October is Breast Cancer Awareness Month. Time to break out those pink socks you’ve been saving and celebrate, recognize and support the people in your life who have battled breast cancer. Many facts and articles about breast cancer will be shared this month, but not everything you read and hear is true. Here are a few common misconceptions about breast cancer, along with the truth to dispel each myth.
Fake: Drinking milk causes breast cancer.
Fact: Over many decades, studies have shown that dairy consumption does NOT increase your risk for breast cancer. For more information about these studies visit:
1. American Cancer Society: https://www.cancer.org/latest-news/how-your-diet-may-affect-your-risk-of-breast-cancer.html.
2. International Journal of Epidemiology: https://academic.oup.com/ije/article/31/1/78/655928/Meat-and-dairy-food-consumption-and-breast-cancer.
3. Journal of American College of Nutrition: http://www.tandfonline.com/doi/abs/10.1080/07315724.2005.10719504
Fake: Finding a lump in your chest means you have breast cancer.
Fact: Most lumps turn out to be benign. Only a small percentage are found to be cancerous. However, changes in breast tissue or a persistent lump in your breast should be disclosed to your doctor. Your physician should perform a breast exam. He or she may order imaging studies to further confirm whether or not the issue is dangerous.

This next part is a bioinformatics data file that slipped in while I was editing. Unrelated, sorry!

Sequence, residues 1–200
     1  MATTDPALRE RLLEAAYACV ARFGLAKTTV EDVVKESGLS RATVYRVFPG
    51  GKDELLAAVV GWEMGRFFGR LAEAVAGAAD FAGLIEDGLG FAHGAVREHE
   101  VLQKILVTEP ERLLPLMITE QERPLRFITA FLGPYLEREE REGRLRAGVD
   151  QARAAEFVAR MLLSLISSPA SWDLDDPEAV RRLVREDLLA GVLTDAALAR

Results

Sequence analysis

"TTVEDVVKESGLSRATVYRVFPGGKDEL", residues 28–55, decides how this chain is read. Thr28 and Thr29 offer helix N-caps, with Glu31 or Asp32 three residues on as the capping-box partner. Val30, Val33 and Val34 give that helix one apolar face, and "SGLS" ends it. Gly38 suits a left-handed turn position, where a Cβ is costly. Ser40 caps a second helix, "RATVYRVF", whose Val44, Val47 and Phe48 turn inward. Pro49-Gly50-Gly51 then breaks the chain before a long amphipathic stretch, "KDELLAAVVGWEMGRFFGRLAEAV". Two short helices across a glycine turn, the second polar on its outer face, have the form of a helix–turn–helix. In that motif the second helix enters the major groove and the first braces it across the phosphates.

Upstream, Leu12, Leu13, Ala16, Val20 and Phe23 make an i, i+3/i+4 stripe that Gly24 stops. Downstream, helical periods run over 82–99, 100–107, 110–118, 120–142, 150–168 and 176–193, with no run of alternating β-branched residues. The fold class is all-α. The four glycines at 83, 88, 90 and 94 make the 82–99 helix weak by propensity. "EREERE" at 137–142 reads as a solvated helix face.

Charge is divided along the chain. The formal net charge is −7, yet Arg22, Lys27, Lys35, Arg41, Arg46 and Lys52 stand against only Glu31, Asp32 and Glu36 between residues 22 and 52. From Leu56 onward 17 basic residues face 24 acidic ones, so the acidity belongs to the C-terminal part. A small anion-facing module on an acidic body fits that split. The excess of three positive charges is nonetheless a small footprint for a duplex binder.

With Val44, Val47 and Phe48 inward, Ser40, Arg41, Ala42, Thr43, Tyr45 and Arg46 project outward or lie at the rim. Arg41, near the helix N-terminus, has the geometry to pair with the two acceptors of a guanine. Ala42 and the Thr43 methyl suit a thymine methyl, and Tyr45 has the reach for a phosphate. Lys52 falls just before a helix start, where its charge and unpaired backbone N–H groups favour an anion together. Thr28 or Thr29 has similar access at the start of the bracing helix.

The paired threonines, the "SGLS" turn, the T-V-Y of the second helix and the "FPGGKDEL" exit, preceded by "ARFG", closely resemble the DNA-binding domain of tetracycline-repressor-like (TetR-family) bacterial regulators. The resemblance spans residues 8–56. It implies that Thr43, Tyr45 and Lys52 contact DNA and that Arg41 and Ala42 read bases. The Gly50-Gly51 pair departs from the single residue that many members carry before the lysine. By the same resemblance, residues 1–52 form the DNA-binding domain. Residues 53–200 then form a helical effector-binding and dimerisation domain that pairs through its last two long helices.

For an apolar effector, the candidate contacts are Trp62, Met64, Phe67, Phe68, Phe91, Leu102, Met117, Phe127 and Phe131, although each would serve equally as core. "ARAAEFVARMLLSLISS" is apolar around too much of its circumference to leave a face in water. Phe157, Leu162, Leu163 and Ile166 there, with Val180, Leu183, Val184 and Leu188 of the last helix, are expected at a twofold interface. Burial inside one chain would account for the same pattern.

Fake: Men do not get breast cancer.
Fact: Each year, approximately 2,190 men will be diagnosed with breast cancer, and approximately 410 will die. The percentage is small, but men should still perform breast self-exams and report any changes to their physicians. Breast cancer in men usually displays itself as a hard lump underneath the nipple and areola. Breast cancer among men carries a higher mortality rate because of the lack of awareness.
Fake: A mammogram can cause breast cancer to spread.
Fact: Mammograms are currently the best way to detect breast cancer in its early stages. Breast compression cannot cause cancer to spread. According to the National Cancer Institute, “The benefits of mammography, however, nearly always outweigh the potential harm from the radiation exposure. Mammograms require very small doses of radiation. The risk of harm from this radiation exposure is extremely low.”
Women should begin receiving annual mammograms at age 40. Discuss your family history with your physician who will help you decide when you should begin mammographic screening.
Don’t believe everything you hear during Breast Cancer Awareness Month this year. Always speak with your doctor regarding any health concerns or questions you may have.